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git commit giving me the following message

*
* You have some suspicious patch lines:
*
* In projects/bong/traid/apps/controller/project.php
* trailing whitespace (line 220)
projects/bong/traid/apps/controller/project.php:220:        
* trailing whitespace (line 223)

What does that mean ?

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3 Answers 3

up vote 11 down vote accepted

That happens when the file has trailing whitespace, if you run:

git commit --no-verify

it will commit ok. ref

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1  
This message can somtimes be the cause of CRLF line endings (Windows) You can replace those with UNIX style line endings using notepad++ Short version: strg+h, extended search, find:\r\n replace \n More details: stackoverflow.com/questions/133965/find-crlf-in-notepad –  s.Daniel May 5 '12 at 20:58
1  
@s.Daniel the commandline tool dos2unix is another simple approach to newline substitution which may be worth considering –  Frank Farmer Jan 23 at 23:08

I find it disturbing to just deactivate pre-commit altogether. If you have a look at the content of .git/hooks/pre-commit, it also checks for unresolved merge conflicts, and I would like to continue to check for those!

Towards the end of the file it runs some regular expressions that check for spaces at line endings and untidy tab characters. I just commented out these lines so it doesn't look for those, and I got rid of the pre-commit warning problem.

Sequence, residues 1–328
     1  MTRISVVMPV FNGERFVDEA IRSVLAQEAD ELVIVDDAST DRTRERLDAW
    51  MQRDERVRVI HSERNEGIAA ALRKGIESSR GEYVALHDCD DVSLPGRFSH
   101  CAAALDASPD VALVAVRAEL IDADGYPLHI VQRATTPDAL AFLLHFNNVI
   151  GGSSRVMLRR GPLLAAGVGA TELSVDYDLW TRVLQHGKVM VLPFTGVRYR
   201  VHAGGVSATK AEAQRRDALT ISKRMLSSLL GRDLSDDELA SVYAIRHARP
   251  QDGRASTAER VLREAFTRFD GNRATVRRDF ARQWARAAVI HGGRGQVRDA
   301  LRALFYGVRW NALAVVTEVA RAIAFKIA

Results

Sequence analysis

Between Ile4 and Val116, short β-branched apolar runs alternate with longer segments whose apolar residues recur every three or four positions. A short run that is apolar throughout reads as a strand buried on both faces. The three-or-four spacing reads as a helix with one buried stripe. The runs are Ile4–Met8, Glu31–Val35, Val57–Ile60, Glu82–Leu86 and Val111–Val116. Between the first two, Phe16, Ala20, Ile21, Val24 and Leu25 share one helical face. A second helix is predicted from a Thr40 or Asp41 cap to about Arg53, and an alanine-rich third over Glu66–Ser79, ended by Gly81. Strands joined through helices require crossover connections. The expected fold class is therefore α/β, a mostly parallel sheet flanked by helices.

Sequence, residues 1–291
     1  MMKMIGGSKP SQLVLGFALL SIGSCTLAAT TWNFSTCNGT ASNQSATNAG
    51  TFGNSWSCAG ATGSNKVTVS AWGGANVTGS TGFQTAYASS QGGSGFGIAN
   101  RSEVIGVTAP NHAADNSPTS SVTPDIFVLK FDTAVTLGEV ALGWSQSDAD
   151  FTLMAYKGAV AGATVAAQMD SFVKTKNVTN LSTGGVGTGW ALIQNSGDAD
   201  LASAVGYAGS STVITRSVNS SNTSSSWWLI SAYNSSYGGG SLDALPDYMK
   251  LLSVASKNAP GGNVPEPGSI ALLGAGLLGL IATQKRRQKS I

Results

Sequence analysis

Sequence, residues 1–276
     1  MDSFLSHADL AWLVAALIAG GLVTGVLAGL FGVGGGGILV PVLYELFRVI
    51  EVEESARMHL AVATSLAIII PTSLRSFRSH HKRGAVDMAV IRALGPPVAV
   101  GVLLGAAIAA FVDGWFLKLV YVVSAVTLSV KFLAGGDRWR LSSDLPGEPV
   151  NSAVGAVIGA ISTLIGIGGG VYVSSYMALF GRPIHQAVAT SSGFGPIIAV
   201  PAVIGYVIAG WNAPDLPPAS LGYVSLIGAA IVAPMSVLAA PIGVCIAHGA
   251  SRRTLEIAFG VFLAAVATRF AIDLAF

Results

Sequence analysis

55     if (s/^\+//) {
 56         $lineno++;
 57         chomp;
 **58         # if (/\s$/) {
 59         # bad_line("trailing whitespace", $_);
 60         # }
 61         # if (/^\s* \t/) {
 62         # bad_line("indent SP followed by a TAB", $_);
 63         # }**
 64         if (/^([])\1{6} |^={7}$/) {
 65         bad_line("unresolved merge conflict", $_);
 66         }
 67     }
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In short, it means that you have trailing white space on the lines mentioned. Trailing white is a bit of an odd choice, and sometimes is a compiler error or other error waiting to happen.

You can either clean up those lines, or you can force the commit just this time by adding the --no-verify flag to your git commit.

Alternatively, you can just turn off this checking by disabling pre-commit hooks, like this: cd .git/hooks/ chmod -x pre-commit

BTW, this answer is extracted from: http://danklassen.com/wordpress/2008/12/git-you-have-some-suspicious-patch-lines/

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Hmm.. But these lines are just indentions.. –  Neel Basu Dec 29 '10 at 17:50

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